Trials Evolution – Review

Platform | Release Date
360 | April 18, 2012
Developed by RedLynx
Published by Microsoft Studios

The Pitch:

It’s survival of the fastest with Trials Evolution! Your favorite physics-based motorcycle racer is back in a brilliant new outdoor setting. Ride in real-time multiplayer with 2-4 players, either locally or through Xbox LIVE. Enjoy a deep, rich single player career with 50 brilliant tracks, challenging unlocks, and tricky achievements. A massive, powerful track editor lets you build the track of your dreams and easily share it with the world. Or simply download top-rated tracks from around the world, using the all-new Track Central. Customize your bike and rider with awesome gear and unique parts, enjoy unique skill games, try ghost racing, beat your Friends’ scores, and more! Don’t miss the madness!

When creating the sequel to a masterpiece, developers need to use great care in their alterations. Change too little and you’re at risk of having your sequel labeled a cash-in; change too much and fans may revolt. Take StarCraft II for example. While the engine has updated and there have been tons of improvements throughout, at its core the game is still considered a benchmark by which all other RTS titles can be measured. Blizzard does it right, but they take their time in doing so.

Trials HD was considered a masterpiece for its technical proficiency, addictive qualities, and pick-up-and-play nature. But instead of changing much with Trials Evolution, RedLynx decided to play it safe. They released more of what their fans loved while not improving the periphery in any meaningful way.

This a fantastic but strange thing. You can’t really argue with the ‘more’ aspect, but a quick jaunt into Trials HD after playing a bit of Evolution will show just how little has been updated. While diverse, the visuals are essentially the same; controls are identical though they were perfect before. The most important trait to carry over though is that Trials is still hopelessly addicting and remains a blast to play.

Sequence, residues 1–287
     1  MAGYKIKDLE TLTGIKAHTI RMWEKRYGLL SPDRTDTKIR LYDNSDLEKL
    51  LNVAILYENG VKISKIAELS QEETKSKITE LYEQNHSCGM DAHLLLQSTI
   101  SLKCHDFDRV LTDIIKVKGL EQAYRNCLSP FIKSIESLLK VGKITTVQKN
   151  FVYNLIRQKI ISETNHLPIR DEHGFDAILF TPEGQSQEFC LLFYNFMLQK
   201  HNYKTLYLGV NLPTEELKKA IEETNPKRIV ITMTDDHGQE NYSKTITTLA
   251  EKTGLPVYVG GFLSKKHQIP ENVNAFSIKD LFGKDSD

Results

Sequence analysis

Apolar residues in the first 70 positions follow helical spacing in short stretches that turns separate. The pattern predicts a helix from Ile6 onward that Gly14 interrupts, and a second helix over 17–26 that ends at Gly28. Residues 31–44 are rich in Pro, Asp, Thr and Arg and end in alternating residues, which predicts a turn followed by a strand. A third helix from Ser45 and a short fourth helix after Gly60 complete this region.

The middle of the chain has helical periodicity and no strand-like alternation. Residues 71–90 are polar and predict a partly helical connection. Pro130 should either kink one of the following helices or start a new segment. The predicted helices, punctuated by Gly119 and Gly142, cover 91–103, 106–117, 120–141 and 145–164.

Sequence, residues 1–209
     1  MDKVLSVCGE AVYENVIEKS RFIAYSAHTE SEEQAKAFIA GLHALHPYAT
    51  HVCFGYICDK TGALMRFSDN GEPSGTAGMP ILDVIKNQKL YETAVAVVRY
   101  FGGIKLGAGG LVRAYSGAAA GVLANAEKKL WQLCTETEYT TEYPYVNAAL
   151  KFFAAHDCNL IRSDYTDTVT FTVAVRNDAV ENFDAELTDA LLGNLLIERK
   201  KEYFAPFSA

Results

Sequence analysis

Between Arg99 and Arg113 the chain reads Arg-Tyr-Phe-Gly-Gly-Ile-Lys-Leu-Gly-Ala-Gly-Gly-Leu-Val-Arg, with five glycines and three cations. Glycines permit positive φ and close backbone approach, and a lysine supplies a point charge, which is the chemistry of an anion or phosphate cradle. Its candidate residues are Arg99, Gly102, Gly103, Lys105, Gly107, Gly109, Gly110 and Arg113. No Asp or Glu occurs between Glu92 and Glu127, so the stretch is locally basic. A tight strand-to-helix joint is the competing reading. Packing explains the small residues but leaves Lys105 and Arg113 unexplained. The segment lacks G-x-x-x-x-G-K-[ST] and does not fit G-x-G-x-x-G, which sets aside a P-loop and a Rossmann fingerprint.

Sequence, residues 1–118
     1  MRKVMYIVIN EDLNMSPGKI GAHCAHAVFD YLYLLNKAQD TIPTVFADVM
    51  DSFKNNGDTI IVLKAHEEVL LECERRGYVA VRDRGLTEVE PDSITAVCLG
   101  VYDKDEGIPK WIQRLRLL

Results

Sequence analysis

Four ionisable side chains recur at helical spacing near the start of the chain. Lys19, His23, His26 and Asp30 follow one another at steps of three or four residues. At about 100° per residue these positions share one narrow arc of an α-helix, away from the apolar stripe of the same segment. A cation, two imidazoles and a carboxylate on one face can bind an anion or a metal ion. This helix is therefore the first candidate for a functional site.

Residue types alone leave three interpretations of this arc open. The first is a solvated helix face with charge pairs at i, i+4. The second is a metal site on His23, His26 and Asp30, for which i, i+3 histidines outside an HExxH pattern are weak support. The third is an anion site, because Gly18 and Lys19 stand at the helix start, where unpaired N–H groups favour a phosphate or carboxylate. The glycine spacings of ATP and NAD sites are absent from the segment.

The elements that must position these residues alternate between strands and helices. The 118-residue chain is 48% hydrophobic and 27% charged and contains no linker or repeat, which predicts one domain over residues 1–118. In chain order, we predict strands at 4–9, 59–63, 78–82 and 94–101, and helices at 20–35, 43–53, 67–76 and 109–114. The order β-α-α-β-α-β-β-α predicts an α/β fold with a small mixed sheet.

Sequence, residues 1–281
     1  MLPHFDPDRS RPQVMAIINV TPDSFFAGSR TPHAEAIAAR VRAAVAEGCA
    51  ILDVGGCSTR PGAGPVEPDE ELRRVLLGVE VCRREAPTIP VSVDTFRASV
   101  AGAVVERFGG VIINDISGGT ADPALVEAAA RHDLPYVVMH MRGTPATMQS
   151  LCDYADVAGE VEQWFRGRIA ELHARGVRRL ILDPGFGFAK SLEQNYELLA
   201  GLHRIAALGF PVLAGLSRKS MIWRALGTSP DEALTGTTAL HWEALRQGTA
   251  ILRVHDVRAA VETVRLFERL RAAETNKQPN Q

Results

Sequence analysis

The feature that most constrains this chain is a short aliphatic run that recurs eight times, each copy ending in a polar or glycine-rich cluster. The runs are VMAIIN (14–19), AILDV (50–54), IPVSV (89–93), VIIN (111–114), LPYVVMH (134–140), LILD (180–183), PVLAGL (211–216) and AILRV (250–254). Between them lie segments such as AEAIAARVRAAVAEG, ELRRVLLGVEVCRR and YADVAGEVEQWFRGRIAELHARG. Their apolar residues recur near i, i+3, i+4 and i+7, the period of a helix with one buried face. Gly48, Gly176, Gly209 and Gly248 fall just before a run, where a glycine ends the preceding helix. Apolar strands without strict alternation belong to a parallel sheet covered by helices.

But therein lies the issue: there’s nothing new to be found in the overall experience. The added synchronous multiplayer isn’t particularly interesting and often takes too long to join a match. Some of the new visual styles, while pretty, are downright distracting. In some cases this unwillingness to alter the game makes certain elements feel mildly archaic.

Compare how leaderboards are handled in Evolution to some other offerings in the marketplace. Besting your friends’ times is really the whole point of this game and it’s extremely satisfying to finally be the top of the heap. But when someone beats your times, there’s no indication. Instead you have to manually traverse layers of interface – individual tracks, within individual sections – just to find out where your ranking has changed. Even then you may not even remember who was ahead or behind. It would have been much more useful if an activity feed was immediately available with this information and provided a quick way to re-challenge your friends. Think SSX’s RiderNet.

Similarly, the user content section is full of incredible tracks including things not even related to racing. You can see what is rated the highest, sort by a bunch of different criteria, then play a foosball table or a first person shooter using the Trials engine. Once you find great content though, there’s no immediate, game-facilitated way to recommend a track directly to your friends. If you create your own track, you’ll be able to share through Xbox messaging, but that’s it.

When racing you’ll now see a dot indicative of a friend’s position in relation to your current time. It certainly helps gauge your performance more accurately than in Trials HD, but not in an organic way. Instead, it feels overly robotic and distant from the social nature the game is trying to achieve. These aspects combine into a strange feeling of isolation in what should be a community driven game.

In essence, RedLynx has created an expansion to Trials HD. The fifty new levels are certainly welcome and because the core hasn’t changed, Trials Evolution is still one hell of an addictive game that remains a blast to play. Fans of the original will settle in quickly while newcomers or novices can certainly take advantage of the more accessible learning curve. If RedLynx had dared to take a few more risks, Trials Evolution could have been truly exemplary.

About Jim Hunter

Jim Hunter is Editor-in-Chief of Splitkick and host of the Rocket Jump podcast. He has three kids and is constantly cranky, but also highly awesome.
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